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Blog comments do not reflect the views or opinions of the Author or Ancel Glink. Some of the content may be considered attorney advertising material under the applicable rules of certain states. Prior results do not guarantee a similar outcome. Please read our full disclaimer

Tuesday, August 13, 2019

Amendments to OMA Allow Alternative Training for Municipal Officials


The Illinois Governor just signed legislation making it easier for municipal officials to complete the required Open Meetings Act training. Under current law, all elected and appointed members of public bodies in the state of Illinois must complete the electronic OMA training offered by the Illinois Attorney General within 90 days of taking office. Previous amendments to the OMA authorized  officials in park districts, school districts, drainage districts and others to satisfy the training requirement through alternative programs. Pursuant to P.A. 101-814, an elected or appointed official on a public body of a municipality may satisfy the OMA training requirements by participating in a training sponsored or conducted by an organization that represents municipalities in the state of Illinois. 

Tuesday, August 6, 2019

Public Body Did Not Violate FOIA in Multiple FOIA Requests


The second FOIA case decided last week is Walker v. Bruscato, 2019 IL App (2d) 170775. Walker had filed multiple FOIA requests with the Winnebago States Attorney's Office for records pertaining to his murder indictment. The first request asked for a copy of the grand jury transcript. The second request asked for a "current or previous list of the types and categories of records available for inspection and copying maintained in your office." His third request asked for a copy of the record of indictments in May and June of 2001. His fourth request asked for a copy of the grand jury votes and deliberation for all indictments returned during that same time period. 

The County provided the first requested record and responded to the second request that it had no responsive records. The County denied the third and fourth requests, citing to the confidentiality of grand jury records.  Walker then sued, claiming the County violated FOIA related to all four FOIA requests. The circuit court ruled in the County's favor, and Walker appealed.

The appellate court agreed with the circuit court's ruling in the County's favor. First, the court found that the County did, in fact, provide the transcript in response to the first FOIA request. Second, the court held that Walker had no cause of action under Section 11 of FOIA because he was not "denied access" to any public record since the requested records simply did not exist, stating that "A request for records not yet created is invalid." The court also rejected Walker's argument that the County failed to maintain the list as required by section 5 because the County created the list following Walker's request and subsequently provided a link to that list to Walker. Finally, the court agreed that the grand jury records requested in the third and fourth requests were exempt from release as state law expressly prohibits disclosure of grand jury proceedings.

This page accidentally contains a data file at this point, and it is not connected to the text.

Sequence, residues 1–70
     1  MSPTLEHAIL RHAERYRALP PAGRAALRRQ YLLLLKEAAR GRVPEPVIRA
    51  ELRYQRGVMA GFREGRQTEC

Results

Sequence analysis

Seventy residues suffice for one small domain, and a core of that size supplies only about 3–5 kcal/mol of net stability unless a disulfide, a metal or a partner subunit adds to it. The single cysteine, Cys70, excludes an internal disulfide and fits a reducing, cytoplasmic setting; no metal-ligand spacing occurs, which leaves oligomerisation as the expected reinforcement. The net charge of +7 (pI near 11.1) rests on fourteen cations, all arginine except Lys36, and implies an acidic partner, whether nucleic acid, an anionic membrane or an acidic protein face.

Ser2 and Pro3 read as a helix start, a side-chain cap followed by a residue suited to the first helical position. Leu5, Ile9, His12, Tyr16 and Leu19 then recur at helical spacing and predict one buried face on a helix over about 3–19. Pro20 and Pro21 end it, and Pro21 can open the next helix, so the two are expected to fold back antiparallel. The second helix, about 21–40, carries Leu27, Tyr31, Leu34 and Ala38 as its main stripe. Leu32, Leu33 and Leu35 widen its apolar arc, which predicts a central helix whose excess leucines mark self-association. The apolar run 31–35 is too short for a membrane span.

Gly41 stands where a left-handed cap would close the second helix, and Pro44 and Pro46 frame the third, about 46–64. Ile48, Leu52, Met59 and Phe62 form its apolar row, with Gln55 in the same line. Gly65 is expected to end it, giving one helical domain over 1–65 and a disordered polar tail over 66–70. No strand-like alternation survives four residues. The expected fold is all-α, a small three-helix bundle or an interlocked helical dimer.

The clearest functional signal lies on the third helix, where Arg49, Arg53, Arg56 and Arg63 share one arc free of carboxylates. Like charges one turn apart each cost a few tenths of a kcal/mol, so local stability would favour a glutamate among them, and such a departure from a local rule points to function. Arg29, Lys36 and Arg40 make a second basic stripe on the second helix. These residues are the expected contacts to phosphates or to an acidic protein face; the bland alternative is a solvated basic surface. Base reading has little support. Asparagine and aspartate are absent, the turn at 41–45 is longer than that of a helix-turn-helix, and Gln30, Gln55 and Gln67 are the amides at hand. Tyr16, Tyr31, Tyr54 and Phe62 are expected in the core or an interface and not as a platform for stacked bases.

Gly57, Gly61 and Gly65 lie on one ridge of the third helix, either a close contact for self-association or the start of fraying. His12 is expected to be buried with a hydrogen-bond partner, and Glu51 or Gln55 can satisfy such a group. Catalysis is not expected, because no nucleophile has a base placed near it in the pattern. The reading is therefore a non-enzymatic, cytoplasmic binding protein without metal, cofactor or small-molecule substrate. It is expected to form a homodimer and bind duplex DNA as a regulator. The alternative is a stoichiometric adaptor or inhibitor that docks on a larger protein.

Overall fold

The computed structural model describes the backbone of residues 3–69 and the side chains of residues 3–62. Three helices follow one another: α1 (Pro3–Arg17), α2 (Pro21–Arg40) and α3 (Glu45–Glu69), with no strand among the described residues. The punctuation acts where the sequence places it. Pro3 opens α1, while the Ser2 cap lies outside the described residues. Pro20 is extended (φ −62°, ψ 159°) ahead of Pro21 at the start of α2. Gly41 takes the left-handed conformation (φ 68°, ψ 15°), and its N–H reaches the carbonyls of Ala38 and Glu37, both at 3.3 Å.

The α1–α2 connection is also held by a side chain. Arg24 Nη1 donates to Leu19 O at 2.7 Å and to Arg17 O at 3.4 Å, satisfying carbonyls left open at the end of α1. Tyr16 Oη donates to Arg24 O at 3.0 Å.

Monday, August 5, 2019

Quorum Forum Podcast Episode 29: Avoiding Employment Mistakes


Ancel Glink just released Episode 27 of its Quorum Forum Podcast: Avoiding Employment Mistakes. In this episode, Ancel Glink attorney John Hayes discusses ways employers can avoid common mistakes and law clerk Mike Halpin provides an update on recent employment laws and cases. And, as usual, Ancel Glink partner Dan Bolin keeps the episode lively and entertaining. 

Listen to this episode here.

Thursday, August 1, 2019

Public Body Did Not Violate FOIA Where Requested Records Did Not Exist


We don't see a lot of FOIA cases out of the appellate courts but two were issued yesterday that offer some guidance to public bodies on challenges to FOIA denials.

In Barner v. Fairburn, 2019 IL App (3d) 180742, Barner sued the Canton Police Department after the Department denied his FOIA request for a copy of dispatch transcripts for a particular time-period on May 12, 2015, as well as other police records during that time period. The Department provided a copy of an incident report but not the dispatch recording, stating in its response that the recording was no longer available because the dispatch system only keeps recordings for a few months. Barner sued, claiming the Department violated FOIA because it did not provide the requested records. He also claimed that the FOIA response was insufficient because it did not provide specific reasons for the denial of his request. The circuit court dismissed the case, and Barner appealed. 

On appeal, the Department argued that the dismissal was proper because FOIA does not compel a public body to turn over information the public body does not retain. The Department supported its argument with an affidavit that the FOIA Officer searched for the requested records and was unable to provide the recording because it no longer existed. 

The appellate court agreed with the Department that it did not violate FOIA by failing to turn over records that did not exist at the time of the request, citing to previous cases holding that "The nonexistence of requested documents is a cognizable affirmative defense to a complaint grounded in FOIA." The court also rejected Barner's argument that the Department's response was inadequate because it did not provide a "detailed factual basis" for the denial, holding that this particular requirement of FOIA only applies when the public body is claiming an exemption for a denial.